This week marks the birthdays of two of the greatest writers of the English language. Edith Wharton and Virginia Woolf are both near to my heart. In fact, as an undergraduate I took seminars devoted to each of them. It’s fair to say that I have read almost everything they published. And if faced with a question that I find particularly annoying, “If you were stranded on an island and you only had one book…,” barring Wuthering Heights, it would come to these two: Wharton’s The Age of Innocence and Woolf’s Orlando. The two writers have more than a few things in common. Their birthdays are one day (and twenty years) apart; their last names begin with W; and both are associated with Modernism, a literary movement that experimented with conventional forms and reflected the horrors and doubts brought on by the First World War. Wharton, however, wrote mainly during the era of Realism but her later works were some of the first of American Modernism. The Age of Innocence was published in 1920, landing it in the middle of the Modernist Era. Still, its structure is conservative, following a linear narrative that rarely, if ever, breaks from traditional literary form. But that’s all the better – Wharton is a master of the narrative arch. Each chapter (of The Age of Innocence in particular) is flawlessly executed, taking its place in the novel’s overall perfection. Reading Wharton is like hearing a concerto having a logical beginning and middle and end that combine to create a layered, encompassing sound. And while the novel’s structure is meticulously woven, its content introduced American readers to truths they would rather have ignored. The inequality of the sexes, the possibility of love outside of marriage, the rapidly growing problem of consumerism, and the reality of America’s own caste system during a time when it prided itself for shedding the rigid class structures of Europe. Of course, I love Wharton’s novels for their unrequited love, doomed heroines, and flawed men. I got a kick from reading her early erotic novel, Fast and Loose, and her ghost stories are some of the most introspective of the genre.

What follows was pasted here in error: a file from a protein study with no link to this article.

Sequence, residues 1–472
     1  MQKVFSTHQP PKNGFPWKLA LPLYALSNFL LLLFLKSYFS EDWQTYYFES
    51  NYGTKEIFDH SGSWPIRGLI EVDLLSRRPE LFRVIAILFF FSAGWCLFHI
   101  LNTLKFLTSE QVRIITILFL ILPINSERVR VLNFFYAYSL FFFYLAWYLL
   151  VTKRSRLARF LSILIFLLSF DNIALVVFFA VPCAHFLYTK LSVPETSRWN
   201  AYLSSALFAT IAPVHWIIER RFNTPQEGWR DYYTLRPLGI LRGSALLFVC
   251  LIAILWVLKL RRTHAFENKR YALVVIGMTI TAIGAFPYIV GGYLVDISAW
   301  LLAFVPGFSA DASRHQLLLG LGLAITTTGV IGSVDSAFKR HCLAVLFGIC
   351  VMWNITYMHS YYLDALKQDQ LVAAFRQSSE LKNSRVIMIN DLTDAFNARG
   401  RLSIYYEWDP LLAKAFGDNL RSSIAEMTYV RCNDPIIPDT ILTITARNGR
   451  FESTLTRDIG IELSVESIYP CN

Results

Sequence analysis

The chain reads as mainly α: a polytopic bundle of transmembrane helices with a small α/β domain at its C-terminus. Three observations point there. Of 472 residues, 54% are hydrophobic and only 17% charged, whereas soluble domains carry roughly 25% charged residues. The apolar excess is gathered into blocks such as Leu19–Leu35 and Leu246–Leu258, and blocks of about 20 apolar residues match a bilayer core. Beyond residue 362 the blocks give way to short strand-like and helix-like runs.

One theme that Wharton and Woolf share is the changing lives of women in the home and in society. Often these heroines have been born a generation (or two) too soon, caught in a limbo of freedom and fierce restraint. Woolf’s heroines are wives, mothers, lovers and
wanderers whose passions are larger than the world they inhabit. Woolf herself was a member of the Bloomsbury group, a tight-knit circle of artists and thinkers who challenged British social norms. The “Bloomsberries” were known for their antics, sometimes cross-dressing and even making national headlines when they disguised themselves as Abyssinian ambassadors, securing an exclusive tour of the British Navy’s flagship, the Dreadnaught. While she had her share of good fun, Virginia was no stranger to heartbreak. She enjoyed a loving, lifelong marriage with Leonard Woolf, another Bloomsbury member, but he was not the only love of her life. Woolf’s relationship with another successful author, Vita Sackville-West, was a perpetually ill-timed affair (platonic or not) that would color the two women’s lives. Woolf wrote Orlando as a tribute to West, modeling the central character, for which the novel is named, after her. Orlando is a spell-binding protagonist, traversing both time and gender as if neither had bounds. The novel itself is Modern in the sense that it breaks all the rules, much like its author and her muse. It is both fiction and drama, nonlinear and astute, a sweeping love story critical of romantic notions. By far my favorite of her novels, this is a book that I will revisit again and again. If you have never read it, I assure you it is well worth your time. And with this, her 134th birthday, perhaps she would want to leave us with this thought on growing older: “I do not believe in aging. I believe in forever altering one’s aspect to the sun.”